We rounded ev­ery­thing off with a darkly de­li­cious tiramisu – given a kick with amaretto macaroons – for the per­fect sweet end­ing to a ro­man­tic evening. De­tails: Call 04 366 6730 or email MJrestau­

Wheeler’s of St James, DIFC

When it comes to restau­rants in Dubai, there are some vi­tal in­gre­di­ents for suc­cess – good food, a celebrity chef and fan­tas­tic ser­vice – but like houses it’s mostly down to lo­ca­tion, lo­ca­tion, lo­ca­tion. And Wheeler’s of St James, just like its Lon­don coun­ter­part, ticks all the boxes. Nes­tled in culi­nary hot spot DIFC, the lat­est of­fer­ing from Marco Pierre White builds on the her­itage of the UK’s orig­i­nal seafood restau­rant with a Dubai twist.

It’s un­der­stated at first glance – all shiny floors, big win­dows and crisp white table­cloths, but there’s plenty of glitz to go round, with coral reef chan­de­liers and hur­ri­cane can­dles.

Sadly there was no sign of Marco, but his sig­na­ture dish – the fish and chips with mushy peas – is al­ready leg­endary among DIFC’s dis­cern­ing din­ers, no mean feat for a restau­rant that opened only at the be­gin­ning of the year. So my guest’s main was a no brainer but what about starters? We were spoilt for choice, with seafood, soup, in­ven­tive sal­ads, meat and veg­e­tar­ian op­tions.

I went for a mar­i­nated bur­rata and tomato tart, which melted in the mouth and packed a pow­er­ful punch with kala­mata olives and rocket pesto, while my guest opted for Ir­ish crab claws cooked in gar­lic. “I could eat that again,” he de­clared, rub­bing his stom­ach, but I in­sisted he try the fish and chips while I couldn’t de­cide be­tween the tomato risotto or but­ter­nut squash and pars­ley ravi­oli.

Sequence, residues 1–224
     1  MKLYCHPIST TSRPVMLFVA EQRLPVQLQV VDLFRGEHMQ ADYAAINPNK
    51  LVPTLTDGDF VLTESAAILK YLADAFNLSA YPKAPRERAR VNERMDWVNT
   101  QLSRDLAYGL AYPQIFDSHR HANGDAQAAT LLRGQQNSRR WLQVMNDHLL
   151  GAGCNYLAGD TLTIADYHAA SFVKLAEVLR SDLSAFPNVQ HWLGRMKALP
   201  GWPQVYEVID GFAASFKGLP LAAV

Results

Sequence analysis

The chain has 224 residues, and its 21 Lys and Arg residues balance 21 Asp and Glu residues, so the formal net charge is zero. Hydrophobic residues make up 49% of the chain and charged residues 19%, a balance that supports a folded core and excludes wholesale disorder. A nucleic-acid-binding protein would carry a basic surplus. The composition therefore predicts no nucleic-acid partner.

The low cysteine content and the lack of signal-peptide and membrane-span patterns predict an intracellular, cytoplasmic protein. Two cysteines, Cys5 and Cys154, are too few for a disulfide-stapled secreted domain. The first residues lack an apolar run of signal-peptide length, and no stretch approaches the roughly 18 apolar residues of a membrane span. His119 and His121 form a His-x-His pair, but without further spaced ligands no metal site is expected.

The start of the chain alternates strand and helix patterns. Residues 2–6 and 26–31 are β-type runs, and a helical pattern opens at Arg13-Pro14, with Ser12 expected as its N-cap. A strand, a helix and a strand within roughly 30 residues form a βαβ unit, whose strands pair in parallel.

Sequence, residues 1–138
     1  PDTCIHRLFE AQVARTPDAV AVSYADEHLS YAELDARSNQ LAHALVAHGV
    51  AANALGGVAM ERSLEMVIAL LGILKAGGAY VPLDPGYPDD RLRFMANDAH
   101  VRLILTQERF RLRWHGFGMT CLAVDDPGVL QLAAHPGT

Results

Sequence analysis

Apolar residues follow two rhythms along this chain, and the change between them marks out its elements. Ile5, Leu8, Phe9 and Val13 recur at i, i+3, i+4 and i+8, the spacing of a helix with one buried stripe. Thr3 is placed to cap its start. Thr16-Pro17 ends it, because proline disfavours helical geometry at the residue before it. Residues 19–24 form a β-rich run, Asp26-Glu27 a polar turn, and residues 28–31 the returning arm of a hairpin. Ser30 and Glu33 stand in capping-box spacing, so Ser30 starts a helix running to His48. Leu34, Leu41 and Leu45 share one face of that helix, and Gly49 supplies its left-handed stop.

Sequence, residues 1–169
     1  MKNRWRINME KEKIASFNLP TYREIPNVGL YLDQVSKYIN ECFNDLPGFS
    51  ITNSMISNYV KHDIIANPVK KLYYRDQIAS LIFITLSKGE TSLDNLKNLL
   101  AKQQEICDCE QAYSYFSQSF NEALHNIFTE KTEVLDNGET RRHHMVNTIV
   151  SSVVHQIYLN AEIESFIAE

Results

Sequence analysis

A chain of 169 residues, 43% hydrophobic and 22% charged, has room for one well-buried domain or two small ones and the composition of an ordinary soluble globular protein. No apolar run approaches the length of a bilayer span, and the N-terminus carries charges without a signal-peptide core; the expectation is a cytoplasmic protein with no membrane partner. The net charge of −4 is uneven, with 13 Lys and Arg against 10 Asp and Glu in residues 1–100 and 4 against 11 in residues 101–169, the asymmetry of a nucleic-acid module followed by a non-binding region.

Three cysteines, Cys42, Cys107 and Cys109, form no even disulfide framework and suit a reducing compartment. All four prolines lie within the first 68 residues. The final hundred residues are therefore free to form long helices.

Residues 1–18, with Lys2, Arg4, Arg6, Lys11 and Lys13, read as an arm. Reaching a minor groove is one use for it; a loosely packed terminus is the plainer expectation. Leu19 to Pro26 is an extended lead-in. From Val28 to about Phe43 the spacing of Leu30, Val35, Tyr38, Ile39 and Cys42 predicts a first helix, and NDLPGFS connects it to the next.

In the end I went for the pasta and didn’t re­gret it. The ravi­oli was beau­ti­fully cooked – al dente with a fill­ing burst­ing with flavour, which came ac­com­pa­nied by lentils, spinach and tomato dress­ing. It sounded heavy but was light, de­li­cious and looked good enough to in­sta­gram to all my friends.

It was a gen­er­ous por­tion, but so tasty I quickly de­voured the lot. That meant I could steal my friend’s triple- cooked chips, and even a spoon­ful of creamy mushy peas, as he de­clared the bat­tered fresh cod as good as any­thing he’d eaten back in the UK.

Stuffed, we in­sisted on a breather and sat chat­ting and soak­ing up the re­lax­ing at­mos­phere. The clien­tele were a mixed bunch – col­leagues din­ing straight from work and cou­ples try­ing out Marco’s lat­est eaterie. The at­ten­tive staff worked tire­lessly to make the ex­pe­ri­ence as en­joy­able as pos­si­ble.

Fi­nally, we had room for dessert and I couldn’t re­sist the white choco­late and peanut cheese­cake, which came with pop­corn ice cream. It was an ex­plo­sion of flavours that made me dive back into the dish for more. My more grown-up guest chose the cheese plat­ter, which he fin­ished off with a big grin.

A fan­tas­tic ad­di­tion to the food scene here so book a ta­ble fast – I pre­dict it’ll be hard to get one soon.

De­tails: Call 04 386 0899 or email reser­va­tions@wheel­ers­